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Failure in the data center is inevitable, but a new feature called Windows Server cluster sets tries to keep those disruptions to a minimum.
Clustering has long been a staple of workload resilience in the data center. Applications in a cluster operate across multiple redundant instances to share the load to keep things running, even when a node in the cluster fails. Until recently, the technology has been limited in scope, architecture
Windows Server cluster sets combine clusters into a common logical fabric that can span facilities and geographic regions. Each cluster within the fabric retains independent
How cluster sets increase resiliency
The goal of cluster sets is to support scale-out -- rather than scale-up -- capability. Consider a typical cluster: If the storage or memory resources start to run low, the administrator must scale up the cluster by adding more resources.
However, that isn't always a simple proposition. For example, adding storage may affect rebuild times, and it may be impossible to add more memory on hosts with full dual in-line memory module slots. Adding more nodes or redesigning an entirely new cluster is often expensive and undesirable.
Windows Server cluster sets combine multiple clusters into a fabric, so member clusters can share resources, such as storage and memory. This scale-out behavior reduces costs and adds flexibility to clustering without compromising the resiliency of the individual member clusters.
For example, a cluster that uses storage technology such as Storage Spaces Direct can survive the loss of two nodes. Thus, a cluster with four nodes will fail if three nodes fail. Yet, a cluster with eight nodes will also fail if three nodes fail. By comparison, in Windows Server 2019's cluster sets, two clusters with four nodes each can still function if the same three nodes crash.
Combining clusters into a greater fabric doesn't necessarily improve the hardiness of individual member clusters, but establishing a fabric of clusters and sharing resources can provide better resilience across the overall fabric. The fault boundary does not extend beyond the member cluster where the fault occurs.
Cluster sets break previous hardware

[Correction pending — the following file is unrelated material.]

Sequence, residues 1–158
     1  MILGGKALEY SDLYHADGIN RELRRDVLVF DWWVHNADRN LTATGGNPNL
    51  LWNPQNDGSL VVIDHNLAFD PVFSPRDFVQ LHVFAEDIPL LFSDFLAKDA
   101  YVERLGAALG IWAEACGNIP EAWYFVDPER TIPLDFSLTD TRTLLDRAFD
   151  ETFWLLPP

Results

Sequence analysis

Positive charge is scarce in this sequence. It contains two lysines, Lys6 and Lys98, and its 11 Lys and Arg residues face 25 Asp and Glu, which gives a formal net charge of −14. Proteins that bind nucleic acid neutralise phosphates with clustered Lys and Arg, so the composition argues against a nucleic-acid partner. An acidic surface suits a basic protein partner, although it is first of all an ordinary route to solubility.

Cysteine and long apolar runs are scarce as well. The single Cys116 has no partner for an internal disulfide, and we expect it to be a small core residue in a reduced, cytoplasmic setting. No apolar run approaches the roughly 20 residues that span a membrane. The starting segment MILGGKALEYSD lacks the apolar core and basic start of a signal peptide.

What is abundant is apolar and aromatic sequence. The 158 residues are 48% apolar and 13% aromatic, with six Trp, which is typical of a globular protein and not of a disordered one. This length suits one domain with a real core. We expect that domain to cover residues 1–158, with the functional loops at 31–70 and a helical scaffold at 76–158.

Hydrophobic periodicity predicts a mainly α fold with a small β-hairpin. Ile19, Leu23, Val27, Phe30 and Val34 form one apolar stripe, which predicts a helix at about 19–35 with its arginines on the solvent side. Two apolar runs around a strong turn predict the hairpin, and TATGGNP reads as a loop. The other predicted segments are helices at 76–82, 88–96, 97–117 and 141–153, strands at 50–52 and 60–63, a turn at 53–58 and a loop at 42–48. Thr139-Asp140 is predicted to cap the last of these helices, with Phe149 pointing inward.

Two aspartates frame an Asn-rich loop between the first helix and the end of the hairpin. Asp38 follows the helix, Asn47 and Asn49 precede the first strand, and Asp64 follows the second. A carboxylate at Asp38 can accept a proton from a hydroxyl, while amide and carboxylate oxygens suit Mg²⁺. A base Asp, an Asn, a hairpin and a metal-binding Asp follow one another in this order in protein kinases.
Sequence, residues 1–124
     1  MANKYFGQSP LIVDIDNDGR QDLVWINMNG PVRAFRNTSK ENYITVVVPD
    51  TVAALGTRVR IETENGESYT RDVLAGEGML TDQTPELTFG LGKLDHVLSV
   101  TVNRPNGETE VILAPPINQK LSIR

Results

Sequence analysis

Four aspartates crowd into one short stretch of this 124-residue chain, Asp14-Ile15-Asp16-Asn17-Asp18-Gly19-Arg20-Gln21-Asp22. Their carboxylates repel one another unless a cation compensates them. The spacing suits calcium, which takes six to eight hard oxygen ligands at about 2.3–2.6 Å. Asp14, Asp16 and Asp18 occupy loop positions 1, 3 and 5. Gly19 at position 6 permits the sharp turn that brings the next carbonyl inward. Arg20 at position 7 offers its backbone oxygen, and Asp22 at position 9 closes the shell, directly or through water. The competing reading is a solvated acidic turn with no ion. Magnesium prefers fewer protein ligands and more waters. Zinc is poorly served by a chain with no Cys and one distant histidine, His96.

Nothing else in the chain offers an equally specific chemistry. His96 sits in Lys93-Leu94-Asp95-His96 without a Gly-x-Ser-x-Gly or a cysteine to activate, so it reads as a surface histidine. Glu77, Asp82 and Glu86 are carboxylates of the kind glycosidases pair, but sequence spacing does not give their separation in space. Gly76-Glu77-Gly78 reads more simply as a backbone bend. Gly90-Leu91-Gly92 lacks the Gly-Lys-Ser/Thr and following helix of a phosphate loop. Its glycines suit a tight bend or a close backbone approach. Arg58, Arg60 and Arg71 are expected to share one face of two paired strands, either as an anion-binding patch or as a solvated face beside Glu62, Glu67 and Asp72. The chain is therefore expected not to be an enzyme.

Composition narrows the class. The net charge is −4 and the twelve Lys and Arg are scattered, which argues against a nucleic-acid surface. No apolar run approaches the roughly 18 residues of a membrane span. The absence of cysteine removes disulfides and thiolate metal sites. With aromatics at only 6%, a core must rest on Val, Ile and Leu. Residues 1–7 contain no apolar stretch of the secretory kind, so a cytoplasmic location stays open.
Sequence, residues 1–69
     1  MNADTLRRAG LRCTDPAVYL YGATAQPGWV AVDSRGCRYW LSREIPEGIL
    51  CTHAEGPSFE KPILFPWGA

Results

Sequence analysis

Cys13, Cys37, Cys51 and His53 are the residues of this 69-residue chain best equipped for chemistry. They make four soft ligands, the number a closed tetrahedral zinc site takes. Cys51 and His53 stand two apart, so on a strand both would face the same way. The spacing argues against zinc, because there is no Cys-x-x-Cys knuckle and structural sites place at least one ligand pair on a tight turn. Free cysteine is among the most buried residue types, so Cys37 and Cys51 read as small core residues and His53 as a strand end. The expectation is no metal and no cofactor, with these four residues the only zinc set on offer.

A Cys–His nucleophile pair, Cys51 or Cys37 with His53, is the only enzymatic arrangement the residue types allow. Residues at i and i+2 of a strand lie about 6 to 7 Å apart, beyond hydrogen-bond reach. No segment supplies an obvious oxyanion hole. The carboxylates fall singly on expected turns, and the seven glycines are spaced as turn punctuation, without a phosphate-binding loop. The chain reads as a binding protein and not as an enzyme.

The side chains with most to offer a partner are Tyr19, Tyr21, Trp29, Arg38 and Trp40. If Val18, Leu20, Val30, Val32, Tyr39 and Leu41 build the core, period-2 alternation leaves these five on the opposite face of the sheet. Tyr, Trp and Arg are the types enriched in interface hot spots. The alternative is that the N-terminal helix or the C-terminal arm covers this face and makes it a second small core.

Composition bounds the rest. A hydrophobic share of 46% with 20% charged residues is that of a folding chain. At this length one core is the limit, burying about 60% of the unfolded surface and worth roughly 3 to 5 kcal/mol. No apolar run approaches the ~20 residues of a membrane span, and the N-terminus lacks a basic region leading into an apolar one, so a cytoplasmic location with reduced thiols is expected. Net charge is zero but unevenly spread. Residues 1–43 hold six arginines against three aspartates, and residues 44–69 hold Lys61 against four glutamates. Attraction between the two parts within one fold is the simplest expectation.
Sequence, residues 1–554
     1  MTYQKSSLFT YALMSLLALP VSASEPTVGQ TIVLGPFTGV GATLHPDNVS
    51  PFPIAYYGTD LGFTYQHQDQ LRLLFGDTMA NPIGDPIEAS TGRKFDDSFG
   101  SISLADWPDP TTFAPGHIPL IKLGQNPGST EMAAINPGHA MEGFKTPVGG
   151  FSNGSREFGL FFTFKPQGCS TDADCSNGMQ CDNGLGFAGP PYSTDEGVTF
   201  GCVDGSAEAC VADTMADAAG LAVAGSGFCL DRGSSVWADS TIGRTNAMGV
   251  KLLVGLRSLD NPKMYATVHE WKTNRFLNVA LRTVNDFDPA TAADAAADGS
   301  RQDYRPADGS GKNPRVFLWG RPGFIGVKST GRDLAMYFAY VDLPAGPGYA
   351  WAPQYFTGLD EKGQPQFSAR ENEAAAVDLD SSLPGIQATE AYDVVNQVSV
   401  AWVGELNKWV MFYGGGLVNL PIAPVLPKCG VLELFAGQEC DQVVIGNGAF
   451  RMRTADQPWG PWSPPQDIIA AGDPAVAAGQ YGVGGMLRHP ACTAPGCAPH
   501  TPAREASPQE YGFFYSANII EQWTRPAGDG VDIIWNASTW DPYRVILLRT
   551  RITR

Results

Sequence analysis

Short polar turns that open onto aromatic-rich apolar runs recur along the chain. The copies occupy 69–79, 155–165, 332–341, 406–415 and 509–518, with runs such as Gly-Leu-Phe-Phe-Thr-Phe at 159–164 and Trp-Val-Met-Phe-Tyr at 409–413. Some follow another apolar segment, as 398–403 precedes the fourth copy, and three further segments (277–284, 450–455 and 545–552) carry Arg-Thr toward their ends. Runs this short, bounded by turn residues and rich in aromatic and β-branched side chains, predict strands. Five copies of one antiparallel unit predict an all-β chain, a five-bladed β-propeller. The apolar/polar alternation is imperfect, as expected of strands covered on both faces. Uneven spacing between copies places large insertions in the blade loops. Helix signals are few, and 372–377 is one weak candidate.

It is possible to create one cluster of older hardware and another cluster of newer hardware, and then join both clusters using Windows Server 2019 cluster sets. This can help organizations looking to repurpose or extend the lifecycle of existing
At a higher level, a cluster set can include clusters located in different physical areas to implement cloud-like availability sets or availability zones.
Cluster sets ease VM management
Windows Server cluster sets can simplify cluster management. Once an administrator establishes the cluster fabric with a unified namespace, they can use centralized cluster management to select the cluster and node best suited to handle a new VM based on the requirements and each cluster's available resources. Conversely, admins can tag VMs with specific needs to utilize predetermined clusters.
IT pros can move VMs between member clusters, while the individual cluster will determine which node should receive the VM. This behavior can benefit administrators with tasks such as transferring all VMs off an aged cluster before decommissioning it.
Dig Deeper on Microsoft Windows Server 2019
Related Q&A from Stephen J. Bigelow
Microsoft debuted cluster sets in its Windows Server 2019 release. Here's a rundown on how to deploy this high availability in your organization. Continue Reading
Administrators in highly virtualized environments can tap into enhanced Windows Server 2019 SDN functionality to run Hyper-V VMs more efficiently. Continue Reading
Windows Server 2019 takes clustering to a new level with the cluster sets feature that wraps another layer of high availability around critical VMs. Continue Reading
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